Shuoer Tape Pro Review

The Shuoer Tape Pro is the follow-up to the popular Shuoer Tape released a year ago. I have not heard the original model, so this quick review/impressions will be based solely on listening to the newest model from this brand.

The Stuff

The Tape Pro comes with a carrying case, a fancy-looking cable, and a series of tips. In addition, there is a cleaning brush, and a tool to unscrew filters placed flushed within the shell. Let's talk about teach quickly.

The carrying case. 
It's small and the same case I've seen on other Shuoer products I've tried. It came in very smelly, and the chemical smell hasn't worn off yet, though I do admit, I put it right back in the box and don't want to take it out due to the smell. It's otherwise a nice case that is simple and functional.

The cable. 
It's nice looking from afar, but I do not like how thick it is, and how easily it tangles and how hard it is to handle. It's just too heavy and janky to use on a daily basis, and I'd opt for something else. In addition, this cable comes with a 2.5mm connector, but it comes with a 3.5mm adapter, which isn't too bad. I mainly use 4.4mm for my desktop amp and digital audio player though, but I have several adapters.

The Filter Screws.
Ok this is just a weird design. I just took a look at the VE Erlkonig recently and it had a flat head screw that could be turned to change settings. In the Tape Pro's case, you physically unscrew two of these and then swap them to change filters and alleged tuning. I say that, because in my measurements, nothing changes! Not to mention that the tool is quickly lost (I lost it already), and the screws are small and easily dropped (I did that three times while trying to swap them), and this just seems like a lot of work for nothing. (really, nothing... apparently)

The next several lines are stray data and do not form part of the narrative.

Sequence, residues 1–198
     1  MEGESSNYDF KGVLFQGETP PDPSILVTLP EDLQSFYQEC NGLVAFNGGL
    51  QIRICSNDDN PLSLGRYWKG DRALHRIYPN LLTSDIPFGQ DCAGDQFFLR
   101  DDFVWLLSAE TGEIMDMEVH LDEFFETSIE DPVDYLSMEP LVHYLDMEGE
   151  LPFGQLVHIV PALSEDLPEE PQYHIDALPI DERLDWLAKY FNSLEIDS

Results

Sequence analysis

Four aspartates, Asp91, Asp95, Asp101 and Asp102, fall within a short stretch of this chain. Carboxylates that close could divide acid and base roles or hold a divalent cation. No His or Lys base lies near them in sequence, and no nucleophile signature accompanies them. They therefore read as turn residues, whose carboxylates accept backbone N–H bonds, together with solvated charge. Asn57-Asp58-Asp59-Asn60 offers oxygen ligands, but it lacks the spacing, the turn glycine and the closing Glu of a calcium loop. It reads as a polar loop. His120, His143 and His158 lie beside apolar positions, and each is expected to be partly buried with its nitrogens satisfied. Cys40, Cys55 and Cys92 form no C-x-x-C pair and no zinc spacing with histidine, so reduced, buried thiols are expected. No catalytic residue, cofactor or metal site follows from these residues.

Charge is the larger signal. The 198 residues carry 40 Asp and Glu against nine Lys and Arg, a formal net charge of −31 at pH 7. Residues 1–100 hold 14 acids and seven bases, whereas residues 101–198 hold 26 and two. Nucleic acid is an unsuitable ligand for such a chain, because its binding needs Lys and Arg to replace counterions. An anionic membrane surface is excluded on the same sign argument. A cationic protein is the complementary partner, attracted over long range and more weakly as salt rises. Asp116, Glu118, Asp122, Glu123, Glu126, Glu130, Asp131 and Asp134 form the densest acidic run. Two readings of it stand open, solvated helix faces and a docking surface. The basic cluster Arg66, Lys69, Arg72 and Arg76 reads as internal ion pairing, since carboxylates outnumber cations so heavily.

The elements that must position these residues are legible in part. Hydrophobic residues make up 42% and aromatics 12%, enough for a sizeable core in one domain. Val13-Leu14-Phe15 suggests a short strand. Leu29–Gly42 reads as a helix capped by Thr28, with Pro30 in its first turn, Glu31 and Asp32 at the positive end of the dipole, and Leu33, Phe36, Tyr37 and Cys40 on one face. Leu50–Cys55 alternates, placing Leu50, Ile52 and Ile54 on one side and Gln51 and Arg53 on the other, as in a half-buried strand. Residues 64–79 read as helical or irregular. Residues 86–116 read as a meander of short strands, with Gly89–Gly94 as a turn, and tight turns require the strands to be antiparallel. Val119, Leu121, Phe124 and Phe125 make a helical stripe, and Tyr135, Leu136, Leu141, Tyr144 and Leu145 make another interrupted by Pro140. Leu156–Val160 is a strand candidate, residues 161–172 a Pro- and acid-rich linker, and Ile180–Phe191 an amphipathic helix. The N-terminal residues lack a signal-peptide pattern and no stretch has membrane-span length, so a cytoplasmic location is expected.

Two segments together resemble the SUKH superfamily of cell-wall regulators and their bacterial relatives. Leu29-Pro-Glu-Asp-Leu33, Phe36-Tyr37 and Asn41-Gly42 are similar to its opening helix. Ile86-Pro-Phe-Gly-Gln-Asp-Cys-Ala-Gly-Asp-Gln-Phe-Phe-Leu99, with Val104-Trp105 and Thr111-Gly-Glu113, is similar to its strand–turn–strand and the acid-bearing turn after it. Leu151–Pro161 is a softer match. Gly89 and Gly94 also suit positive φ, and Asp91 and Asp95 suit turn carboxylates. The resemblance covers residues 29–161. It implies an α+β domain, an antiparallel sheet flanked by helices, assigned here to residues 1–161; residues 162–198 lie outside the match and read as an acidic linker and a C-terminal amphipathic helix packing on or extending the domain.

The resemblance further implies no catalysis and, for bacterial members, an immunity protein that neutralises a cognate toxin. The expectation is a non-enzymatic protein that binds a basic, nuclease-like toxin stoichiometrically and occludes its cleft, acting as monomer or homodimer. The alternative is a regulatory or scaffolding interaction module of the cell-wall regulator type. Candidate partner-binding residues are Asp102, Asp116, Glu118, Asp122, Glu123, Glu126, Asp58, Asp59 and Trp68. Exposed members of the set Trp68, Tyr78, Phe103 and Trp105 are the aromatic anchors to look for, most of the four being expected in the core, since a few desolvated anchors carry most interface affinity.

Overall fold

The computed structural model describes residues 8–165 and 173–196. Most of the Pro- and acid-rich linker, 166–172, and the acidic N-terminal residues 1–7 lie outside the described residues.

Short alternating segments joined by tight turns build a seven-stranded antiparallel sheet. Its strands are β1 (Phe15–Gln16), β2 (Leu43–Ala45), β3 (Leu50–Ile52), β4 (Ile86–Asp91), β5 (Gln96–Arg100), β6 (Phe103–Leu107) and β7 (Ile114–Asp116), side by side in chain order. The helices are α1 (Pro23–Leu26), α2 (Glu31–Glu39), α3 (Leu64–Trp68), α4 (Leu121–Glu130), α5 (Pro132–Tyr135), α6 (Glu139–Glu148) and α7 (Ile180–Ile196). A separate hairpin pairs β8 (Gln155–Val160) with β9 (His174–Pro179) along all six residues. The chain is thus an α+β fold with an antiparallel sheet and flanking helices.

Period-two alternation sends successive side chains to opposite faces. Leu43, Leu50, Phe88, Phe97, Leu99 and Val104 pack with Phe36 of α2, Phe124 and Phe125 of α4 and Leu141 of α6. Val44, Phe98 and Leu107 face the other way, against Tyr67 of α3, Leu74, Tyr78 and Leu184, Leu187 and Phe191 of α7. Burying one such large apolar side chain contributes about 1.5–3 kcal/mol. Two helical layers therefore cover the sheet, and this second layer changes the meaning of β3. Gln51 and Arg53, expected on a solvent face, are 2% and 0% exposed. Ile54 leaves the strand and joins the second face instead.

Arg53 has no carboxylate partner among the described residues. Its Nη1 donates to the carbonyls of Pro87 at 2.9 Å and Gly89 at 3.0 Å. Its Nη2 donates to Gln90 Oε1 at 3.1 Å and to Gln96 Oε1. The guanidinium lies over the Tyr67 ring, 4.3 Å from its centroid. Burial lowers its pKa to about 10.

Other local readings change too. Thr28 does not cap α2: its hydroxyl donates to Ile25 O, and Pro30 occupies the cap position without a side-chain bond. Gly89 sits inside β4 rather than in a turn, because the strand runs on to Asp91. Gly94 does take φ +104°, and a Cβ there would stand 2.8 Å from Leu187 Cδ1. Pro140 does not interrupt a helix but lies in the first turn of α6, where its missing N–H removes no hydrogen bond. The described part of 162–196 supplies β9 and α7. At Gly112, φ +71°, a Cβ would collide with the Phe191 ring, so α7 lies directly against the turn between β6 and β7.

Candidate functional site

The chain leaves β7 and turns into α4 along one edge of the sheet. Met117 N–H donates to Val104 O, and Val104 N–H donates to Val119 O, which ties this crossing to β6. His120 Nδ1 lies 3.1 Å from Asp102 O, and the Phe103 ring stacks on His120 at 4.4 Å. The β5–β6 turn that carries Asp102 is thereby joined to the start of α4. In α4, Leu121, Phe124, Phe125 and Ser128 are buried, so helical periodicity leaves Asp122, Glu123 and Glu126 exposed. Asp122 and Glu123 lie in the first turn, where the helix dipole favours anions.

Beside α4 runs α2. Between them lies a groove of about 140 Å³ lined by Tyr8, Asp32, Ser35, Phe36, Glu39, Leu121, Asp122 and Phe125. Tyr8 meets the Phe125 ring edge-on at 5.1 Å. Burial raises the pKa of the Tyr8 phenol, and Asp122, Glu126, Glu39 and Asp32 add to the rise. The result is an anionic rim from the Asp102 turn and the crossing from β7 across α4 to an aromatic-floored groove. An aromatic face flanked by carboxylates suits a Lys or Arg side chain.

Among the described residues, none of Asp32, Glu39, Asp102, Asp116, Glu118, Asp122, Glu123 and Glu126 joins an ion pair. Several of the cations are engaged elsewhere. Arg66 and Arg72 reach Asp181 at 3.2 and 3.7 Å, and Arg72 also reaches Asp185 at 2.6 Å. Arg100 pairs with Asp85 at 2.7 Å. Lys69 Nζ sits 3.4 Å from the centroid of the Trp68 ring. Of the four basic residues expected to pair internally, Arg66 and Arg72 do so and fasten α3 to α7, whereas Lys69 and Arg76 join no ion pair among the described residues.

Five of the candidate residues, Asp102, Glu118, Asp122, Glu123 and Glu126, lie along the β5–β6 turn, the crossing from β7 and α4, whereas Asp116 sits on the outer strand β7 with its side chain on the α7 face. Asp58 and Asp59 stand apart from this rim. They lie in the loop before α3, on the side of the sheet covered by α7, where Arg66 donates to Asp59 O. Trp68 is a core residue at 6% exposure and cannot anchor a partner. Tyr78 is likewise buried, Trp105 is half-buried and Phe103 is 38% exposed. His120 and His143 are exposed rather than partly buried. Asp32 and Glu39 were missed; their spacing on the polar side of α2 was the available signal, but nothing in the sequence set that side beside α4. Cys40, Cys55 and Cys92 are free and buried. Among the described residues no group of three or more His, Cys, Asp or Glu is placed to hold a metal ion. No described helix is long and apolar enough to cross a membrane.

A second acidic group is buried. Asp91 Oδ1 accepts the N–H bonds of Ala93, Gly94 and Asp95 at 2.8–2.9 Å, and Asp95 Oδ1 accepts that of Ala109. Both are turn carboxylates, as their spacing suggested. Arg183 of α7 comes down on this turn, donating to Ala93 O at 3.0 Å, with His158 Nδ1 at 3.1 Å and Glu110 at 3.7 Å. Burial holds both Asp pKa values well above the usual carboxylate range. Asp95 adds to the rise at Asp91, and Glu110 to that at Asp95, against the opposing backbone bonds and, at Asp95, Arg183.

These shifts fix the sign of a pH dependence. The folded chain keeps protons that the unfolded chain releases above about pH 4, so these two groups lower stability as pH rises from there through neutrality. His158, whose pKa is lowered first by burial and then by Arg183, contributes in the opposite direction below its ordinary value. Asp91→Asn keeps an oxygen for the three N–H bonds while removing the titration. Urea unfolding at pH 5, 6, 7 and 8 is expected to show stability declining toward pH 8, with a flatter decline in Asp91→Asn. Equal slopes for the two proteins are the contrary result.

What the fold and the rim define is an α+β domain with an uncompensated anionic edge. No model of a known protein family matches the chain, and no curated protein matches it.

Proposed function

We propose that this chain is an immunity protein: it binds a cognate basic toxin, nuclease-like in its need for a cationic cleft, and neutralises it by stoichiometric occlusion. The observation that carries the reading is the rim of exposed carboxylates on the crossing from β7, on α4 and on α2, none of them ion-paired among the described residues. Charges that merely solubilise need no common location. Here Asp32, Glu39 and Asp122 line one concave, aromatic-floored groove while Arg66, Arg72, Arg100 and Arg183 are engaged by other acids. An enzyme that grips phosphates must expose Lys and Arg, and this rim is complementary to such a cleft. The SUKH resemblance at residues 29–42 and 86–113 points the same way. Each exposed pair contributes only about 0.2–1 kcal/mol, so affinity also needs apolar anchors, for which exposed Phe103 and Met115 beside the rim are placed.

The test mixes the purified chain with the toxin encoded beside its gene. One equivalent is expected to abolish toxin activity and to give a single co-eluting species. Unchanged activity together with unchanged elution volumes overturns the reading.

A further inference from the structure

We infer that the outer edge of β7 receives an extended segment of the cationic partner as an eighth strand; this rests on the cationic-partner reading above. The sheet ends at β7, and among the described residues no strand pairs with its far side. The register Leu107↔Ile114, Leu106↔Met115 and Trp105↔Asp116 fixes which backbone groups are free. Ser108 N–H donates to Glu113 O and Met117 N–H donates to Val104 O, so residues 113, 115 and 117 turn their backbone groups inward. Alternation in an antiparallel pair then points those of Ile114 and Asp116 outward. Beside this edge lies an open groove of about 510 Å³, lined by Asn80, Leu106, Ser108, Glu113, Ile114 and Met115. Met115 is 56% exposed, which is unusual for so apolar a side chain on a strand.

In addition, you can also remove the front nozzle filters too. They unscrew and come off. The filters themselves are very open so I doubt any sonic changes occur, but because you have a different unobstructed insertion depth now, it may increase treble slightly. I measured about 1dB difference.

The Sound

I am not a fan of the Shuoer Tape Pro. That's the quick version.

The slightly longer version is that I feel that both the tuning, timbre, and technical performance of the Tape Pro is very lacking. While tuning can be subjective, I do think that there is quite a bit of bass bloat, and there's a severe lack of treble. The large drop-off in sound after 4KHz is evident of this, and this really creates a dark, grainy and super veiled sound. It makes it sound very low-resolution.

The shouty region is quite shouty. And the lack of the treble mentioned above, pushes this way forward, and this totally reduces any dynamics. The mid-range is very recessed in my opinion, with mid-range instruments and vocals sounding very thin and missing and a lot of that has to do with the elevated bass.

That said, I can deal with the bass, and I can somewhat deal with a darker tonality, but the dynamics of this IEM are severely poor, even at $120, and even at half the cost, and perhaps even less, as I've listened to a few $50-range IEMs that easily top this one. The IEM sounds flat. I tried several songs across different genres, and outside of the tonality, the flatness of how dynamics came across was totally clear and distinct to me.

I tried the most dynamic songs, and nothing. Everything sounded dull, dead, and just there. Everything was presented in a way that makes music lifeless, and forward, and the energy and soul sucked out of even the most expressive and angelic of voices.

The Tape Pro taped everything shut. Sorry. Move on.

Fc-Construct will follow-up with a more in-depth review of the Tape Pro on Audio Discourse. Stay tuned!